Bombay High Court for policy to compensate terror victims' families
The Bombay High Court today suggested the Centre to come out with a policy to adequately compensate families of those killed in terror attacks instead of paying a standard amount by way of ex-gratia
Mumbai: The Bombay High Court today suggested the Centre to come out with a policy to adequately compensate families of those killed in terror attacks instead of paying a standard amount by way of ex-gratia.
A division bench comprising Justices Abhay Oka and A S Chandurkar asked the Union government to file a fresh affidavit by July 30 detailing steps it intended to take to compensate the victims' families.
The court's order came after the Union government, in an affidavit, said it has come out with a circular under which an ex-gratia payment of Rs four lakh would be made to such families.
While the Centre would pay Rs three lakh, the remaining would be contributed by the respective state governments.
The bench also asked Advocate General Darius Khambata to appear in the matter to assist the court. The court was hearing a PIL filed by Rajeshwar Panchal, an advocate, who sought a just and fair amount to be given as compensation to the families of people killed in terror attacks.
Panchal argued that the income of the deceased, the social status of the family and the number of dependents needed to be taken into account to determine the compensation.
He said Motor Vehicles Act and Workmen's compensation Act laid down a formula to arrive at such a compensation.
The High Court had earlier observed that giving suitable compensation to the victims of terror attacks or blasts is a liability of the state and such relief cannot be ex-gratia (done from a sense of moral obligation rather than because of any legal requirement).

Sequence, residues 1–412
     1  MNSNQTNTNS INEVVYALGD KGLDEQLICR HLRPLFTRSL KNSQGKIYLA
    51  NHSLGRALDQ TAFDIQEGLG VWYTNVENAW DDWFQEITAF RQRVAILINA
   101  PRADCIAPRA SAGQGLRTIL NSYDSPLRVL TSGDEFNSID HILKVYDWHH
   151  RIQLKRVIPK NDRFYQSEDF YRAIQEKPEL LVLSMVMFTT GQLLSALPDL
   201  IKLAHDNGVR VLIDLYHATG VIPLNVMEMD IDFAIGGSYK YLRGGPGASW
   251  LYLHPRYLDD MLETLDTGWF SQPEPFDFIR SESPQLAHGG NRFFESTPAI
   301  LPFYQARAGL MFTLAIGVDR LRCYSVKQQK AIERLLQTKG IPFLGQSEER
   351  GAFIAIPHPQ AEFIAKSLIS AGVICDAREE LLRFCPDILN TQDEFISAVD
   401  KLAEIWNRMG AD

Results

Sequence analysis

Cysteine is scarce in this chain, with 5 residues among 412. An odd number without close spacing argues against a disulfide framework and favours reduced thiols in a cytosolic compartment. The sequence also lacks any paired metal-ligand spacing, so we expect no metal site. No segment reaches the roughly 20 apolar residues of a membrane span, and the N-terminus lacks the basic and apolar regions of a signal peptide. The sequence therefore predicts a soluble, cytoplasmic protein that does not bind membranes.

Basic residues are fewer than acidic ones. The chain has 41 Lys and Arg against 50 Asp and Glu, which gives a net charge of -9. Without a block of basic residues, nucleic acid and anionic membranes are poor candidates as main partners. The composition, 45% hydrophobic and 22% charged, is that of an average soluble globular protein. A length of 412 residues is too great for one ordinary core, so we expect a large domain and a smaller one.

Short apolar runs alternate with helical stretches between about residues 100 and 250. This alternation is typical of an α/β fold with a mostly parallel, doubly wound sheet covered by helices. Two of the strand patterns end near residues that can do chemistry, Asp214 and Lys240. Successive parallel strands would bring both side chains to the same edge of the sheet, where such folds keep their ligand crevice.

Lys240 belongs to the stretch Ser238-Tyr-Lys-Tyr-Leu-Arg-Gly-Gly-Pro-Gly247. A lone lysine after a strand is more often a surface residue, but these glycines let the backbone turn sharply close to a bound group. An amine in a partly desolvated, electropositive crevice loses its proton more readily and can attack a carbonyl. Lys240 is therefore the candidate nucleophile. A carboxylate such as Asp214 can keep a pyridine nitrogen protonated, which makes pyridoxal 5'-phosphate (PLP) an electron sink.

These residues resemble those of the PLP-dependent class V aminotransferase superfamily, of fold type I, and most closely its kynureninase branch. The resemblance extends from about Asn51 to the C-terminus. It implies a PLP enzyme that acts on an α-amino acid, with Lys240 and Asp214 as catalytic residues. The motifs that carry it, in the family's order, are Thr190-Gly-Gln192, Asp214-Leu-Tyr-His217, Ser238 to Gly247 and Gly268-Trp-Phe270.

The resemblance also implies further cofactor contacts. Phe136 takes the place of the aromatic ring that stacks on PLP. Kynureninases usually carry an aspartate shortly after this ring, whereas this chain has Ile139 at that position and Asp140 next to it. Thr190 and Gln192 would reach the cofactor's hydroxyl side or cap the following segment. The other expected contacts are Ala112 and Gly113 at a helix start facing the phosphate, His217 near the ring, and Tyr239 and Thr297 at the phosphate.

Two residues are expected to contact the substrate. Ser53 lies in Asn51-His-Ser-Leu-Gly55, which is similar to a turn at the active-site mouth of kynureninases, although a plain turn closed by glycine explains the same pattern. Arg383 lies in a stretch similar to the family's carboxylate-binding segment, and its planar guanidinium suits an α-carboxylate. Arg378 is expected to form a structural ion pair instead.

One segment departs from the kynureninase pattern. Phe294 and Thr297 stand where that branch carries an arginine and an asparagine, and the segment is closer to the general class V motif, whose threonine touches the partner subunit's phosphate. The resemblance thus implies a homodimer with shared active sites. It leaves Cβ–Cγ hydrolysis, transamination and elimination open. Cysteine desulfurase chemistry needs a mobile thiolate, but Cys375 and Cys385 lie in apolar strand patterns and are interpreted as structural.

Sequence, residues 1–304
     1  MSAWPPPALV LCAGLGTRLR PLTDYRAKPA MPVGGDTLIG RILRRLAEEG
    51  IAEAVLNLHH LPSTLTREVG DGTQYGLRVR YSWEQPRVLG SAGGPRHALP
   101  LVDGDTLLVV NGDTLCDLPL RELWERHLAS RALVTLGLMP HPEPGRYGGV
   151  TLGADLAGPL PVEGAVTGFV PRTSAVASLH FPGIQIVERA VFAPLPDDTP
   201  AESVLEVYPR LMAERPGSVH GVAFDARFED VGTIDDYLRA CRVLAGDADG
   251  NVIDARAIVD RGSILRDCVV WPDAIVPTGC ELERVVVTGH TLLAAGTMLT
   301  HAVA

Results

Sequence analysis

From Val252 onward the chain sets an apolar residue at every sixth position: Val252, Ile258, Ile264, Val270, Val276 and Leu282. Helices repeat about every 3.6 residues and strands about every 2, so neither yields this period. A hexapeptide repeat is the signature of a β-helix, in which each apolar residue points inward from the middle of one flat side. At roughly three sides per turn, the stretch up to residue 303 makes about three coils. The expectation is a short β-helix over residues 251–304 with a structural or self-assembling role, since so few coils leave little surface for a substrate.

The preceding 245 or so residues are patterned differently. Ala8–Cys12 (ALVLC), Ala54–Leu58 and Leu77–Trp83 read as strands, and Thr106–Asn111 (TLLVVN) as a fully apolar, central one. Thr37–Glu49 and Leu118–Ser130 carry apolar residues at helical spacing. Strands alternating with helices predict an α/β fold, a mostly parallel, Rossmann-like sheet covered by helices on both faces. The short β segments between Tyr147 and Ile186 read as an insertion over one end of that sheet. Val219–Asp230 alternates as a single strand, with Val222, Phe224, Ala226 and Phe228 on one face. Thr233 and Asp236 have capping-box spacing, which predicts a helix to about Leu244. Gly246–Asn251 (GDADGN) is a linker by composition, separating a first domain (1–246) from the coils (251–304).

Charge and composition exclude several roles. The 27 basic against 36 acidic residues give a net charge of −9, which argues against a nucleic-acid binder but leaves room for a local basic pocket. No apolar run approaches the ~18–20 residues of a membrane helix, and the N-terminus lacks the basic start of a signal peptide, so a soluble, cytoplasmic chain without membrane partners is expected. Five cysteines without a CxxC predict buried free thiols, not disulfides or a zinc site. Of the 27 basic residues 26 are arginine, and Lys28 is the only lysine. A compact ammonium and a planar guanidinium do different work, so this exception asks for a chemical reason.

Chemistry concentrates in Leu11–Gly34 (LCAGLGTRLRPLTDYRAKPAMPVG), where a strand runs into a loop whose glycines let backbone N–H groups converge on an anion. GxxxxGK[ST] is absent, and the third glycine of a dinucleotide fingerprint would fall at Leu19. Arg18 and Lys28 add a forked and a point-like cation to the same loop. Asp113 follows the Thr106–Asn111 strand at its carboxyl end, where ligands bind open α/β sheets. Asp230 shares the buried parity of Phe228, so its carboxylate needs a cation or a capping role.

The PIL, while calling for a policy decision on the issue, sought judicial intervention for Protection of Right to Life guaranteed under Article 21 of the Indian Constitution, in relation to victims of terror attacks.
The PIL claimed that 724 people had died in terror attacks in Mumbai between the serial blasts in 1993 and triple coordinate explosions on July 13, 2011. It said the victims and their families had failed to get a "just compensation" from the government.
"After every such dreadful and gory terror attack, the ministers concerned condemn the incident. They make empty promises to prevent such incidents and eventually declare some ex-gratia, which is always a tiny amount for the victims and their family members, that too, as if they are obliging the victims," the PIL stated.
The PIL also urged the HC to declare that Protection of Right to Life and Liberty under Article 21 of the Constitution includes right to a secure life or the right to live with safety.